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Former Northern Ireland manager Billy Bingham dies aged 90
Bingham twice guided Northern Ireland to the World Cup finals, first in 1982 when they famously beat hosts Spain
Former Northern Ireland international and manager Billy Bingham has died aged 90, his family announced on Friday.
Bingham, who had been diagnosed with dementia in 2006, twice guided Northern Ireland to the World Cup finals, first in 1982 when they famously beat hosts Spain, and again in 1986.
Born in East Belfast, Bingham, an outside right, was capped 56 times. He came through the ranks of Glentoran before joining Sunderland in 1950 and going on to have spells with Luton, Everton, whom he later also managed, and Port Vale.
In a statement, Bingham’s son David said: “Dad was diagnosed with dementia back in 2006 and I think it is a tribute to his will that he managed another 16 years from that diagnosis to the time he passed away.
“He passed away peacefully last night at 10.30pm in a care home in Southport.
“We are very proud of all our dad achieved.”
Bingham had been part of the Northern Ireland side which reached the quarter-finals of the 1958 World Cup, only to lose to France.
It was Bingham’s goal which secured Luton victory in the 1959 FA Cup semi-final over then Third Division Norwich to reach Wembley, where they lost to Nottingham Forest.
He won the 1962–63 First Division title with Everton prior to moving into management, which included roles when he was also in charge of the Northern Ireland national team as well as a spell with Greece.
Bingham’s second stint as manager of his country began in 1980.
He went on to appoint future Republic of Ireland boss Martin O’Neill as his captain, the first Catholic to have the honour bestowed on him during the Troubles, and received threatening letters as a result.
The 1980 British Championship success was Northern Ireland’s first in 66 years and was followed by a memorable World Cup campaign and a 1-0 victory over Spain at the Mestalla in Valencia.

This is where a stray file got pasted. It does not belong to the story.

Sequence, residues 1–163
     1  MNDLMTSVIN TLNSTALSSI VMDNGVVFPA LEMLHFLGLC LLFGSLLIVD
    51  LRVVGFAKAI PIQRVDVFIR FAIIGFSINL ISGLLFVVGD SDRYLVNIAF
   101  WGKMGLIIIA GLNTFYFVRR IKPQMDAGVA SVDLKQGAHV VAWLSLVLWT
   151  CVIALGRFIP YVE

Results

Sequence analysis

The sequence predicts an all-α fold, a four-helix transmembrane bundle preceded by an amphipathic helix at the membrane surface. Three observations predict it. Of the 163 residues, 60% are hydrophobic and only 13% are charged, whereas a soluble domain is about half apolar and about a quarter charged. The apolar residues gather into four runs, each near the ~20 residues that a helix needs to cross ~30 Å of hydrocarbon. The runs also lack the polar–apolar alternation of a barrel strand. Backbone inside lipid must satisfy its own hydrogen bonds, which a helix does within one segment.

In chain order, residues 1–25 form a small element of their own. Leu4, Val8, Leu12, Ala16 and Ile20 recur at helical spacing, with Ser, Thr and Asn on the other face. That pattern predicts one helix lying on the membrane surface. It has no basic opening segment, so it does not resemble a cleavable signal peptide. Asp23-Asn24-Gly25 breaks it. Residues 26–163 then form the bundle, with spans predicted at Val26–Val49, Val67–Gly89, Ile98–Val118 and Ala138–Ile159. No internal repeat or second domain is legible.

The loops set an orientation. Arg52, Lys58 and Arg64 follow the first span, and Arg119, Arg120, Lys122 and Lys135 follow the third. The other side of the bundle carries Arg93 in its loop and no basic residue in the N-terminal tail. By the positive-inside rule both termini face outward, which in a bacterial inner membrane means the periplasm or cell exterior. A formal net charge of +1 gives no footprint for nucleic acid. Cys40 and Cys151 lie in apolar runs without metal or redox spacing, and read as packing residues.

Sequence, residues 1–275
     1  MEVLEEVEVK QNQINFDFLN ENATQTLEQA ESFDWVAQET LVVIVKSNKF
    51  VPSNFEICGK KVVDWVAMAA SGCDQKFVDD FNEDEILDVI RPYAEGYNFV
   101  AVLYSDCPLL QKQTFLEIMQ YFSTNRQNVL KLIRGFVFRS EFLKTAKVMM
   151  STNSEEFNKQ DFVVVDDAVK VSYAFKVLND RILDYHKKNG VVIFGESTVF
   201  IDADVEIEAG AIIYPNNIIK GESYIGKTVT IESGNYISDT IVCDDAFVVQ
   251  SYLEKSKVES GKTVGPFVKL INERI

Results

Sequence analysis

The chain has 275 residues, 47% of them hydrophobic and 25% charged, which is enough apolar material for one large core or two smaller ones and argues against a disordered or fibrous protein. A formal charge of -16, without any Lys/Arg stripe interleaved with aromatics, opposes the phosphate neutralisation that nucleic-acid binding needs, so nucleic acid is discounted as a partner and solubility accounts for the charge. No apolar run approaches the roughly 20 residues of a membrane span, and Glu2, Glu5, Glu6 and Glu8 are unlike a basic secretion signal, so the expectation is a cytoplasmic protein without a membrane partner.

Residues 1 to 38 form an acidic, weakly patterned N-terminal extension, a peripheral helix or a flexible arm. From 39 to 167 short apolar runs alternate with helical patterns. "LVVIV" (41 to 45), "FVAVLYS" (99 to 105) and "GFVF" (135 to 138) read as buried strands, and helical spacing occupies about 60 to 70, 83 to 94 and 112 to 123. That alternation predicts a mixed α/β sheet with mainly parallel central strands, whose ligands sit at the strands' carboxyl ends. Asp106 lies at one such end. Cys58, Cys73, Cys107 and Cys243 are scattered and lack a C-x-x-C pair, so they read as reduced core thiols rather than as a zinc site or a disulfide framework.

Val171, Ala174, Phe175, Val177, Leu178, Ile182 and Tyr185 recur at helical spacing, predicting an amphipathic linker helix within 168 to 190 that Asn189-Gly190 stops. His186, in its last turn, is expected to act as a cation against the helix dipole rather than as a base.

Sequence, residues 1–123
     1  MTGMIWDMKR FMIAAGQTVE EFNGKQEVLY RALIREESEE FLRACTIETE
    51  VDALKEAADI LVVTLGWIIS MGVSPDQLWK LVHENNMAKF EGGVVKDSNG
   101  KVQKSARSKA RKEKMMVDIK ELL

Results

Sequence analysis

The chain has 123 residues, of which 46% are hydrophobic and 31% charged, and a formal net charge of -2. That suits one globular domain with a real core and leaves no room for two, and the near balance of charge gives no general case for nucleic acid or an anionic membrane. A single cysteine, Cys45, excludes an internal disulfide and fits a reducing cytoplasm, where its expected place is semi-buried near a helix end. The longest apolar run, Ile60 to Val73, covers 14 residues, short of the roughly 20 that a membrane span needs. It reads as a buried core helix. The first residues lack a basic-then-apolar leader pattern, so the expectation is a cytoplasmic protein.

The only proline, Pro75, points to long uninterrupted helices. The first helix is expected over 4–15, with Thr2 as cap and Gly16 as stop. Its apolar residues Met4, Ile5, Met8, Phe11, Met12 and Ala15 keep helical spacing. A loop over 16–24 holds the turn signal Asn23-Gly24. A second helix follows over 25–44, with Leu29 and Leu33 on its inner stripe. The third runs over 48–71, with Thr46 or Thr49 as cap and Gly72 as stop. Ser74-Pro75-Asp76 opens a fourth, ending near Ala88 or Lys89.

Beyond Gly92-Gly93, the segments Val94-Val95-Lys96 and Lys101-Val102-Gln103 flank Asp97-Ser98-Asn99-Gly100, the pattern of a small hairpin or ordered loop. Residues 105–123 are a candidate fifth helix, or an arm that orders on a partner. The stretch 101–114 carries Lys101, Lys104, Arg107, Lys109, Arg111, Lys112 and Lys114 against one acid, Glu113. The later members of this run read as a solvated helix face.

Gerry Armstrong and Jimmy Nicholl, who played under Bingham, both remembered him as a “great man”.
Armstrong, who scored the winner against Spain, said on talkSPORT: “He was an amazing manager and certainly the best manager Northern Ireland has had.
“Billy was a giant. We loved him and he was a very successful manager.
“He was tough at times, but could be fun as well.
“He was a great man and we loved him.”
Asked for his fondest memories of Bingham, Nicholl said: “That night in Spain – I think that performance, it just summed Billy up, what he could get out of the players. Great man, great memories.”
Bingham, made an MBE for services to football in 1981, left the Northern Ireland job in 1993 and later worked as director of football at Blackpool.
The Irish Football Association paid tribute to Bingham.
“Billy holds a unique place in the football hearts of Northern Ireland in that he both played at and managed in World Cup final tournaments with Northern Ireland, being part of Peter Doherty’s historic team of 1958 in Sweden and then managing Northern Ireland in the 1982 and 1986 finals,” a statement on the Irish FA website read.
“Billy was a tricky winger in the days when such a position was revered, but there was more to him than wing play.
Billy holds a unique place in the football hearts of Northern Ireland
- Irish FA
“Billy was not afraid to mix it when needed, had an eye for goal and had a wonderful tactical and positional brain – attributes which would come to the fore in his managerial career.
“He was everything that a Northern Ireland manager needs to be: tactically astute, innovative and inspirational.
“He led the team to British Championship glory in 1980 and 1984, qualified for two World Cups in 1982 and 1986, and recorded the first home and away victories over West Germany in the qualification for the Euros in ’84.
“His greatest achievement was probably the qualification of the team for the second phase of the World Cup in 1982 with the historic and unexpected victory over Spain in Valencia.
“The Association would wish to send its condolences to Billy’s wider family circle.”
Everton said the club were “deeply saddened” to learn of Bingham’s death.
Returning to Goodison Park to succeed his former manager Harry Catterick in May 1973, Bingham’s side were edged out in the 1974-75 title race by Derby.
“The thoughts of everybody at Everton Football Club are with Billy’s family and friends,” a club statement read.
Bingham scored 33 goals in 100 appearances for Luton.
In October 1960, with the Hatters then in the Second Division, Bingham joined Everton for a fee of £15,000.
A statement from Luton read: “Our thoughts are with Billy’s family and friends at this sad time.”